YouTube Music: Classic Wagner
Don’t ask for an easier life; ask to be a stronger person.
Sometimes we need to ignore the life and philosophy of the composer, and just enjoy the music.
Wagner Tannhauser Overture
Wilhelm Richard Wagner; 22 May 1813 – 13 February 1883) was a German composer, theatre director, polemicist, and conductor primarily known for his operas (or, as some of his later works were later known, “music dramas”). His compositions, particularly those of his later period, are notable for their complex textures, rich harmonies and orchestration, and the elaborate use of leitmotifs—musical phrases associated with individual characters, places, ideas or plot elements. His advances in musical language, such as extreme chromaticism and quickly shifting tonal centres, greatly influenced the development of classical music; his Tristan und Isolde is sometimes described as marking the start of modern music.
Wagner inspired great devotion. For a long period, many composers were inclined to align themselves with or against Wagner’s music. Anton Bruckner and Hugo Wolf were greatly indebted to him, as were César Franck, Henri Duparc, Ernest Chausson, Jules Massenet, Richard Strauss, Alexander von Zemlinsky, Hans Pfitzner and numerous others. Gustav Mahler was devoted to Wagner and his music; aged 24, he sought him out on his 1875 visit to Vienna, became a renowned Wagner conductor, and his compositions are seen by Richard Taruskin as extending Wagner’s “maximalization” of “the temporal and the sonorous” in music to the world of the symphony. The harmonic revolutions of Claude Debussy and Arnold Schoenberg (both of whose oeuvres contain examples of tonal and atonal modernism) have often been traced back to Tristan and Parsifal. The Italian form of operatic realism known as verismo owed much to the Wagnerian concept of musical form.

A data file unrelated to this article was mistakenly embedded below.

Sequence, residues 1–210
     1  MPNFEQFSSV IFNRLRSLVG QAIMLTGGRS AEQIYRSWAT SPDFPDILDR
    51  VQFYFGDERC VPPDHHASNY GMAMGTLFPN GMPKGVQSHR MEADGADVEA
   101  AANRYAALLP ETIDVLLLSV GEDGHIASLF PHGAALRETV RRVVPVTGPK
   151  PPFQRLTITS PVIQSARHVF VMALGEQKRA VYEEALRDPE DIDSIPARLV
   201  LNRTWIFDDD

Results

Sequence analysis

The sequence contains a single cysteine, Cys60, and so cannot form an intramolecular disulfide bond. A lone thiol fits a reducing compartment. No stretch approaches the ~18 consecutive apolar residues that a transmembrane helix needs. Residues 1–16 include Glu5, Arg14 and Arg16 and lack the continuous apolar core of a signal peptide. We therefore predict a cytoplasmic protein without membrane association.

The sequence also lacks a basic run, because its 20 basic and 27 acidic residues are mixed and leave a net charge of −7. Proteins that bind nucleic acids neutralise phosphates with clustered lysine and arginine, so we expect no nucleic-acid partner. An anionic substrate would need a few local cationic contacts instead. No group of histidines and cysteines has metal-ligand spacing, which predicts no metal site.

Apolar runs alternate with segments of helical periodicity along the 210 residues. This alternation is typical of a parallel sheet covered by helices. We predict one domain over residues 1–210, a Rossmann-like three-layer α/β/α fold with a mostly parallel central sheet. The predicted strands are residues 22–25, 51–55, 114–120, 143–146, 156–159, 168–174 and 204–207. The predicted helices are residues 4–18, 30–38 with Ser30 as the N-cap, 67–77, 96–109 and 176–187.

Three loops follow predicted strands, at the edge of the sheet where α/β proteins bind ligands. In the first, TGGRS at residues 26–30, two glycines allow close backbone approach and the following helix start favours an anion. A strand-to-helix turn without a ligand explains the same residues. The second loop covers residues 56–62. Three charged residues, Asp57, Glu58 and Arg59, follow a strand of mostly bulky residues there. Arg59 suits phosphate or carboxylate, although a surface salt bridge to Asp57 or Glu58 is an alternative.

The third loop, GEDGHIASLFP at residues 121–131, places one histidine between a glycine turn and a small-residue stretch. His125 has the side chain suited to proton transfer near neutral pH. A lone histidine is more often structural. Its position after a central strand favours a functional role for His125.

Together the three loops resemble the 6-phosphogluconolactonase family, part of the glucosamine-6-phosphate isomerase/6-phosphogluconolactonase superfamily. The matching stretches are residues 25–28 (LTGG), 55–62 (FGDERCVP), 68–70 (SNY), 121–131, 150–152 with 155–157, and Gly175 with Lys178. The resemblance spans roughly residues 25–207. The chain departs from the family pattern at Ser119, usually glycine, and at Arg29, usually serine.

Wagner made a major contribution to the principles and practice of conducting. His essay “About Conducting” (1869) advanced Hector Berlioz‘s technique of conducting and claimed that conducting was a means by which a musical work could be re-interpreted, rather than simply a mechanism for achieving orchestral unison. He exemplified this approach in his own conducting, which was significantly more flexible than the disciplined approach of Mendelssohn; in his view this also justified practices that would today be frowned upon, such as the rewriting of scores.[n 16] Wilhelm Furtwängler felt that Wagner and Bülow, through their interpretative approach, inspired a whole new generation of conductors (including Furtwängler himself).
Wagner’s concept of the use of leitmotifs and the integrated musical expression which they can enable has influenced many 20th and 21st century film scores. The critic Theodor Adorno has noted that the Wagnerian leitmotif “leads directly to cinema music where the sole function of the leitmotif is to announce heroes or situations so as to allow the audience to orient itself more easily”. Amongst film scores citing Wagnerian themes are Francis Ford Coppola‘s Apocalypse Now, which features a version of the Ride of the Valkyries, Trevor Jones‘s soundtrack to John Boorman‘s film Excalibur, and the 2011 films A Dangerous Method (dir. David Cronenberg) and Melancholia (dir. Lars von Trier).
Amongst those claiming inspiration from Wagner’s music are the German rock band Rammstein, and the electronic composer Klaus Schulze, whose 1975 album Timewind consists of two 30-minute tracks, Bayreuth Return and Wahnfried 1883. The Slovenian group Laibach created the 2009 suite VolksWagner, using material from Wagner’s operas. Phil Spector‘s wall of sound recording technique was, it has been claimed, heavily influenced by Wagner.
Comments from You Tube
Wagner was dead 6 six years before Hitler was even born and 37 years before the formation of the Nazi Party.
I lately saw a BBC-documentary search on “Stephen Fry on Wagner” it’s also on youtube, Stephen a Jew himself is one of the biggest fans of Wagner’s music since he was child, some of his family died in the camps, is he allowed to like Wagner’s music? The conclusion is, many dictators (Mao, Stalin etc.) misused great artists like Wagner and Wagner never knew Hitler.